Ramba Viharaya, a model monastery
This ancient place of worship in Ruhuna is located on the bank of the
Walawe Ganga, in the village of Udarata on the Nonagama-Ratnapura Road.
It is about 12.8 km from Ambalantota.
Maha Nagakula was the capital of ancient Sri Lanka in the 11th
century AD. The Ramba Viharaya had been the
temple of the Maha Nagakula
City where a large number of artifacts have been found during
excavations. The Ramba Viharaya was the Royal Temple of the day.
It was also the hide-out for King Vijayabahu I who arrived there in
the year 1055, while he planned his war against the Cholas for 15 years.
Sri Lanka was under the Chola rule for a period of 53 years.
Vijayabahu had been canvassing among anti-Ramanna Desas such as
Burma, Kalinga and Pandyan countries, to form an alliance against the
Cholas. He effected three attacks to surround Polonnaruwa and defeated
the Cholas. His son Wickramabahu continued to reign from there while
Prince Parakramabahu continued with the tradition. These reasons have
prompted historians and archaeologists to carry out their research into
the area. They had found a large number of monuments scattered in a land
area of 200 acres of dense jungle.
The Ramba Vihara had become the most important religious and academic
centre of Ruhuna between the 10th and 12th centuries. Scholars of the
time such as Rev. Piyadassi Thera and Rev. Mahanagasena Thera had lived
here and in other temples around it.
There had been an advanced civilization in the area. A large number
of artifacts which had been found following research explorations
conducted by scholars during the dry season had proved this fact. The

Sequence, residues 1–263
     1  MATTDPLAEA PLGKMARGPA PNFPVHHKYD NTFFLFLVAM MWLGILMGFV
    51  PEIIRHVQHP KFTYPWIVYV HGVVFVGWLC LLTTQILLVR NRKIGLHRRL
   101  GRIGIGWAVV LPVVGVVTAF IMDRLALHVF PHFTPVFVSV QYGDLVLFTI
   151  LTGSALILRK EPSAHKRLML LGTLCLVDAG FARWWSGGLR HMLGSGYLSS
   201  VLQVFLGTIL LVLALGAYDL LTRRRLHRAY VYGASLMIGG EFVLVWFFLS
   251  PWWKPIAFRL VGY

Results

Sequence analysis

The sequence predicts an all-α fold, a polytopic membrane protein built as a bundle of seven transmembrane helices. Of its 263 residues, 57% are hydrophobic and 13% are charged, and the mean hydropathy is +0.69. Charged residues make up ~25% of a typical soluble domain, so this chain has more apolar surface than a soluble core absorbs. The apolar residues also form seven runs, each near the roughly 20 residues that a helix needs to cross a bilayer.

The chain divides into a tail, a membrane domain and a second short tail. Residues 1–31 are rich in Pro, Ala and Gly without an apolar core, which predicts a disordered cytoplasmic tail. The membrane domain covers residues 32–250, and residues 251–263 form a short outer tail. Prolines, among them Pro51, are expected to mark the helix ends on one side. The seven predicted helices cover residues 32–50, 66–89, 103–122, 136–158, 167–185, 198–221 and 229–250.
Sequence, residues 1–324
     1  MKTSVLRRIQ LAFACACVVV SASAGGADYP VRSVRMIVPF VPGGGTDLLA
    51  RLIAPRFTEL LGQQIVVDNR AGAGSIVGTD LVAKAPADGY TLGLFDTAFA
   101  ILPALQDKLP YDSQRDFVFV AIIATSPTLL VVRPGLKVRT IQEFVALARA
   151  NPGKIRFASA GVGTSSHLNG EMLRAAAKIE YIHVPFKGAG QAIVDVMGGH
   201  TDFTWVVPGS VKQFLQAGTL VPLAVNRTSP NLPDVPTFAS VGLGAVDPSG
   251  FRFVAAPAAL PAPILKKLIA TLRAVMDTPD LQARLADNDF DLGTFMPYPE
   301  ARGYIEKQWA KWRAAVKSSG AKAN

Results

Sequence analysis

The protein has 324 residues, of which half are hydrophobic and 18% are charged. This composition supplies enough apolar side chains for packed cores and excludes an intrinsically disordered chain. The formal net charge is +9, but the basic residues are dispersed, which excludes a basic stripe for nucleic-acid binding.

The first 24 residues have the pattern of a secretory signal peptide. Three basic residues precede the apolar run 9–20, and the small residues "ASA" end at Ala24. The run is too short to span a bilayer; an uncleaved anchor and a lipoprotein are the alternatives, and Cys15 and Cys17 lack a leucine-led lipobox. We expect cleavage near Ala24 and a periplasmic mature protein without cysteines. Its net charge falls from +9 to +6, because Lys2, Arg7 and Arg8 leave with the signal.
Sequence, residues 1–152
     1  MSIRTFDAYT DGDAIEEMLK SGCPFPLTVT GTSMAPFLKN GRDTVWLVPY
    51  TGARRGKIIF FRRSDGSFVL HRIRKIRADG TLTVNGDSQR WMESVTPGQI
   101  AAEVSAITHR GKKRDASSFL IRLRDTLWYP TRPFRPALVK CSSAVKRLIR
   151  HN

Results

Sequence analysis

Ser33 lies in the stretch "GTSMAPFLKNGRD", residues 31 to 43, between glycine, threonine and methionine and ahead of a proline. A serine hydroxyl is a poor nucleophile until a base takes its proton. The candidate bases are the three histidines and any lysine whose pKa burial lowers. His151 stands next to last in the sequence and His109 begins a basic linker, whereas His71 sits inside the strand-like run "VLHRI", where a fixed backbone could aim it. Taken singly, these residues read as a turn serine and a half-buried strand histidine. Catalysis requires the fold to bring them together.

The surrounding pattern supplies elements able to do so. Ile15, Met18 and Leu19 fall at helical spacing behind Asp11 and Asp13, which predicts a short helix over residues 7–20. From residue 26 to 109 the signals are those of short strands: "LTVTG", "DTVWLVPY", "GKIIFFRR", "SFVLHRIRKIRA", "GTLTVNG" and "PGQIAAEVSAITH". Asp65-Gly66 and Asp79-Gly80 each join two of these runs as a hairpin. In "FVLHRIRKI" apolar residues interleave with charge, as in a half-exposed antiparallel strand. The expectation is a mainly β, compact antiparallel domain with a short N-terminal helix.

venue itself is unique as there had been an ancient international
harbour at Godawaya (there is evidence to support this fact).
Traders had been in the habit of travelling from China to the Arab
Seas and Sri Lanka had served as an ideal venue for entrepot trading
(imports are re-exported) for which customs duties were collected.
Inscriptions found at this venue during the 1st century AD have
indicated that King Gajabahu was believed to have donated the funds
collected as customs duty for the betterment of the temple. It is
believed that it was from the mouth of the River Walawe that ships used
to travel to Mahanagakula.
A strange Buddha image made of white sandstone, had been found from
the site during excavations. It had been refined and preserved. The
image is different from what had been discovered from other sites as it
had been hollow.
When talking about the Ramba Vihara, one has to talk about the
Manawulu Sandeshaya, a Pali poem which comprises about 30 stanzas. This
is said to be a reply to a Buddhist priest from the Ramanna Desha by the
name of Maha Kashyapa. He had sent a letter in Pali to the high priest
of the Ramba Viharaya, inquiring about the activities in Sri Lanka.
The Manawulu Sandeshaya had been written by King Parakramabahu's
heir, King Vijayabahu II. According to the chronicles, it is believed
that the chief priest at the time was Nagasena. There is an inscription
Pali about the Ramba Viharaya.
It is under the Ramba (banana) trees that Samanera priests had been
learning their religion. Due to this reason, the Ramba Vihara had also
been referred to as Kehelgamuwa. During this period in the 11th century,
ships had been arriving from Ramanna Deshaya (lower Burma) at the
southern parts such as Godawaya.
This area had been economically flourishing during the 15th century
AD. During the Portuguese and Dutch periods, a chief priest by the name
Maha Kappinna, had lived there.
Though it had been a role model for a monastery at Maha Nagakula
during the 11th and 12th centuries, now it is somewhat deserted. The
writer, during a recent visit, found that restorations have not been
done properly. The restoration of some of the artifacts were still under
way. Hopefully, we will see a better restoration process in the future
to protect this important place.